I went to see Ray in the theaters last night because my sister suggested it and because I was in a mood to see something "critically acclaimed". For the record, I knew very little about the man and so had very few preconceptions. What I saw made a deep impression in my mind and heart.

Ray Robinson, aka Ray Charles the singer, songwriter and musician, was blind since the age of 7. He had to deal not only with bigotry for his disability but for being black in Georgia before the civil rights movement. Throughout his life many people (both black and white) would try to take advantage of the blind man, ripping him off financially or hoarding his talent for their own gain. Ray had both the blessing and the curse of being a ladies' man, resulting in serial affairs while his wife stayed home and raised their family. It surprised me to learn that he fought an addiction to heroin for well over a decade before finally beating it in the `60s. Nevertheless, Ray carried all this baggage and more through the 40s and 50s as he made a name for himself playing piano in the Country, Jazz, etc. pop music circuits. Eventually of course he rose to become one of the most recognized and beloved musical artists worldwide.

The man that this film showed me was an incredible example of determination, charm and simple human spirit. I have heard others say that Jamie Foxx's acting was so good that they were half-convinced he was channeling Ray Charles' ghost. I'll take their word for it that it was an accurate performance, but regardless, it was also a great performance! Down the line each of the supporting actors was perfectly convincing and real, but none more so than Foxx. I will denounce the Academy if he isn't at least nominated for an Oscar.
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12 of 12 people found the following review helpful By A.Trendl HungarianBookstore.com TOP 1000 REVIEWERVINE VOICE on February 25, 2005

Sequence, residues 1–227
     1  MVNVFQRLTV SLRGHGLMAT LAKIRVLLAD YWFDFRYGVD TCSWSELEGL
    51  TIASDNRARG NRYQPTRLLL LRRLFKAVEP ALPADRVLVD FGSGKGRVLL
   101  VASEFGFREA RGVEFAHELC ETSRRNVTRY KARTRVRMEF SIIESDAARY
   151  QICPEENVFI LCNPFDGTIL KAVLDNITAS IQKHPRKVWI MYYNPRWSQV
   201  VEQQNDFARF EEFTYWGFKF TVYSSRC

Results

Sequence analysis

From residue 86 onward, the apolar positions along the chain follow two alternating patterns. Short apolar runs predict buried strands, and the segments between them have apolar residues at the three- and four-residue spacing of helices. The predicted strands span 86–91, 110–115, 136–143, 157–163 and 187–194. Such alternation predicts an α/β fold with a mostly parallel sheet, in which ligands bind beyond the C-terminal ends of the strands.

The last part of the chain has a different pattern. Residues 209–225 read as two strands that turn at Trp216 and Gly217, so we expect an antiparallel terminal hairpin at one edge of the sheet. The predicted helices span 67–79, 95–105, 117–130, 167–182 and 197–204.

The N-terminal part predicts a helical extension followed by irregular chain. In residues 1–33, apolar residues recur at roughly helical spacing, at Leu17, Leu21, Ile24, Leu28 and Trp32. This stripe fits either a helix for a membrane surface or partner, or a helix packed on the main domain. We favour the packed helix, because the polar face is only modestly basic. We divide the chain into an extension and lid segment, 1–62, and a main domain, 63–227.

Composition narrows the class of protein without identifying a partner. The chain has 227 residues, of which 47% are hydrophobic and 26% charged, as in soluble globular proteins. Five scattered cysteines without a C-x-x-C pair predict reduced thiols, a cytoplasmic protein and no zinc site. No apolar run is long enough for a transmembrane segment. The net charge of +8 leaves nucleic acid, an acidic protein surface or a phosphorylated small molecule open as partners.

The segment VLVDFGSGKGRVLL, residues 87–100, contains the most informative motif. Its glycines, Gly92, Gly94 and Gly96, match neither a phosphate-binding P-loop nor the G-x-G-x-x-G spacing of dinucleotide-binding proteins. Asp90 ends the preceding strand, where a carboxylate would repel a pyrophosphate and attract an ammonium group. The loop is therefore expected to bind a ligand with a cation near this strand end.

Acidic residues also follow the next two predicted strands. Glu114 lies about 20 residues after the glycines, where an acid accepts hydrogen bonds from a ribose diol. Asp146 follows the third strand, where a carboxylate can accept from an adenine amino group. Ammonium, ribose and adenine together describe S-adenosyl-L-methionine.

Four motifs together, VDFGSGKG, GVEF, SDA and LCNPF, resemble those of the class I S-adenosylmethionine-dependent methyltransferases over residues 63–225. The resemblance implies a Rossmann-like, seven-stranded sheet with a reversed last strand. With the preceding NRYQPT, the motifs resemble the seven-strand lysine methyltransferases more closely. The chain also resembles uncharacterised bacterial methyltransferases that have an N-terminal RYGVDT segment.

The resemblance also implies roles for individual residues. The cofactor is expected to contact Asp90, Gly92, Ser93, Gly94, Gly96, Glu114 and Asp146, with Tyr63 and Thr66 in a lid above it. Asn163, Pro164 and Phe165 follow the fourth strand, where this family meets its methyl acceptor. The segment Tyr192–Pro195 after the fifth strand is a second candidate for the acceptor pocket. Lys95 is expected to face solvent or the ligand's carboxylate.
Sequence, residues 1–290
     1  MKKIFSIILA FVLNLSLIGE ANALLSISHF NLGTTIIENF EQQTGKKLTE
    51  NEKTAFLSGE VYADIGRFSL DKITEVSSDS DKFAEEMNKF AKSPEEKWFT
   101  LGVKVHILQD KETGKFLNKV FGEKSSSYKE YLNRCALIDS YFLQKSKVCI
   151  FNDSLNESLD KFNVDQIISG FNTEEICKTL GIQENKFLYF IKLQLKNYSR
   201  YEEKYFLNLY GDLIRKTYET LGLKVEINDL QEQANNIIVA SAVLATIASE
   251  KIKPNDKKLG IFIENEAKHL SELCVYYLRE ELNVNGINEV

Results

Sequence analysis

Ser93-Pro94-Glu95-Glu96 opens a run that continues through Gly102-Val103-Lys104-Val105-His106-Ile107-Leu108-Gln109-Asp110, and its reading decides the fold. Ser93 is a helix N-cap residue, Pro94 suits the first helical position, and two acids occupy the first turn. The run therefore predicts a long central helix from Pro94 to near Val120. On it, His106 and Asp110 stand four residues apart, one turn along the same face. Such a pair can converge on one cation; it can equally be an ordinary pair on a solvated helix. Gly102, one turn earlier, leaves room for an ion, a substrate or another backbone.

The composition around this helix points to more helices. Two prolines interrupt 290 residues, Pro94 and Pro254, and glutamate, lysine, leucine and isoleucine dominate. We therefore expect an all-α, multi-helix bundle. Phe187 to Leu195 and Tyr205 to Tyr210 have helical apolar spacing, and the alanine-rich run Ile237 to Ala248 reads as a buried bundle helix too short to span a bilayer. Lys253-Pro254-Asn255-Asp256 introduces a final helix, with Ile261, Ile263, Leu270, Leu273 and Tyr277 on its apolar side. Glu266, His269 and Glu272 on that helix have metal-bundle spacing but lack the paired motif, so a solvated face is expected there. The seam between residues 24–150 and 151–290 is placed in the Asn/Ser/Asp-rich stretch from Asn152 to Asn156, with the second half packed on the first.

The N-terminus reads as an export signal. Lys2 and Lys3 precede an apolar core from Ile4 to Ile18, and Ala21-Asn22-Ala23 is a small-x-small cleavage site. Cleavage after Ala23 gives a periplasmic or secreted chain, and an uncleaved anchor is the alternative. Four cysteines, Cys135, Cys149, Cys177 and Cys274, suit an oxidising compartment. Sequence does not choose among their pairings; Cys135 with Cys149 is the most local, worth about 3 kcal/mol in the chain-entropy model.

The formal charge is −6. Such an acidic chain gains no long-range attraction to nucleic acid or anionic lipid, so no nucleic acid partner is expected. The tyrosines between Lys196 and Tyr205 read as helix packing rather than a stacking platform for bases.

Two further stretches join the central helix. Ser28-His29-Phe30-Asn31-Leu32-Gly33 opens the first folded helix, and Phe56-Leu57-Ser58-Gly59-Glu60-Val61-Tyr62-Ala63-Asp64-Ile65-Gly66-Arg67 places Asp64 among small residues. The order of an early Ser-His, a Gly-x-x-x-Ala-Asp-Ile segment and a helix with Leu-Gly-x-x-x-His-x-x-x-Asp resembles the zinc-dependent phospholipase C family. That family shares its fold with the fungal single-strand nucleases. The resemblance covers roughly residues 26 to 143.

Format: DVD
I like "Ray." The music is strong, using Ray Charles' own tracks for both background and performance shots. The storyline is complex, flashing back to Charles' youth as he reflected on the loss of his eyesight and the death of his brother.

From his days as a child in a poor rural community, through his early days as an unknown musician struggling to get a fair deal, to his mid-career with management problems, affairs, hits, and drugs, and then, finally, as a one of our national heroes, we see Ray Charles in full color.

We learn how he manipulated women, cheated on his wife, became addicted to heroin, found his sound, got his name, and learned to work aggressively as his own musician. He deals with racism at first by avoiding it, and then quickly, takes a harsh stand, shaming the bigots and segregationists. Now, in a state where he was once banned from playing, his work, "Georgia on My Mind" is now the state song.

Biopics of celebrities are difficult to describe because of the chronology required to produce the movies. People don't live out plots written by screenwriters, but lives that have events that do not always make sense. Ray Charles' life didn't always make sense, but he lived it.

We have two views of Ray Charles. One is as a fighter, working hard against adversity to become the musician we now know. The other is as a womanizing addict who used his charm, position and trust of his wife to diminish all that was good about him. He eventually beats the drugs, holds onto his marriage, but these failures brought down my respect of him.

Jamie Foxx never impressed me before this. I found his comedy more off-color than I prefer, and expected that his version of Ray Charles would be mediocre.